ACA Asks FCC To Leave Pole Attachment Fee As Is

Says raising rate could hurt smaller operators, broadband deployment
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American Cable Association President Matt Polka says that power companies are not  subsidizing cable service and that the FCC should reject a petition by a quartet of those companies asking it to increase pole attachment fees.

"Requiring cable providers to pay higher pole attachment fees simply because they now offer digital phone service over their lines would drive up the cost of advanced cable services for consumers and slow the pace of broadband deployment across rural areas where costs already run higher than average for small, independent cable operators," ACA said in comments to the FCC.

The FCC is currently deciding how to classify Voice over Internet Protocal phone service as well as collecting comments on the utility company request for a ruling. Last month, American Electric Power Service Corporation (AEP), Duke Energy Corporation, Southern Company, and Xcel Energy Services asked the FCC to make cable operators pay the telecom rate for pole attachments, rather than the cable rate, which is lower, arguing the higher rate was justified because VOIP is the functional equivalent of traditional phone service.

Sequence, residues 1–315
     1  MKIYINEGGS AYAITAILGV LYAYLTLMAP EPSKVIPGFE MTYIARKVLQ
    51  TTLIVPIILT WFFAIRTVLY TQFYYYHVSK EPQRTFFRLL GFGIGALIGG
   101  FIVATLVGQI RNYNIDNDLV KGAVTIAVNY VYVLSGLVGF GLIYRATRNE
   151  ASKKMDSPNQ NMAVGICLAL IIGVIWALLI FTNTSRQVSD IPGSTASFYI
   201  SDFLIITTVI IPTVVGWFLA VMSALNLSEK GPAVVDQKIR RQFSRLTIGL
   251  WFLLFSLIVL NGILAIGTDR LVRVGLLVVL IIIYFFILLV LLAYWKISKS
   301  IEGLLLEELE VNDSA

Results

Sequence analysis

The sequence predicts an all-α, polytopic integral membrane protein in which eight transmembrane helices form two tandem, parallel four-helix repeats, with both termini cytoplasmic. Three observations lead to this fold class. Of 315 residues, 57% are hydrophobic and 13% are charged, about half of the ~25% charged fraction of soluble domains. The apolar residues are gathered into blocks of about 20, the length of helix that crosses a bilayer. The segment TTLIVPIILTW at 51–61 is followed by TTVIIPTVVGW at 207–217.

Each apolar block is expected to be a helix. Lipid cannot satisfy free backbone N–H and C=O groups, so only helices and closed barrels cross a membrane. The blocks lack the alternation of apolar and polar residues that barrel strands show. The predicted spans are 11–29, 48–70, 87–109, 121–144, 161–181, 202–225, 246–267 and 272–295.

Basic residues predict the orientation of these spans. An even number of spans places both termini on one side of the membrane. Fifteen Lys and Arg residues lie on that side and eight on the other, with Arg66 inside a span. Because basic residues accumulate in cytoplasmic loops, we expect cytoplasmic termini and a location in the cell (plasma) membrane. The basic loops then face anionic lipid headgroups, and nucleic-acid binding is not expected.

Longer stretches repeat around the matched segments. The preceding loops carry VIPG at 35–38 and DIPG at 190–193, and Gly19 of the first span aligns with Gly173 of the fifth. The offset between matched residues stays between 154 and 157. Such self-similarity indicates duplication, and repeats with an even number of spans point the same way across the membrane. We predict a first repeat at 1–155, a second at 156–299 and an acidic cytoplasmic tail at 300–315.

They say the FCC should make that "clarification" before it takes up any related issues in its broadband notice of inquiry or proposed rulemakings on IP services and pole attachments.

ACA points out that the FCC, in its report on rural broadband rollouts, said that "[t]imely and reasonably priced access to poles and rights of way is critical to the buildout of broadband infrastructure in rural areas."

The cable industry has long argued that utility companies are well compensated by cable's current payment formula, which has been upheld by the FCC, the Supreme Court (FCC v. Florida Power), and that the FCC has correctly applied the formula to attachments for cable modem service. In fact, the cable industry has argued for lowering the rate for everyone to that paid by cable to promote the rural deployment the FCC says is one of the keys to a national broadband rollout strategy.

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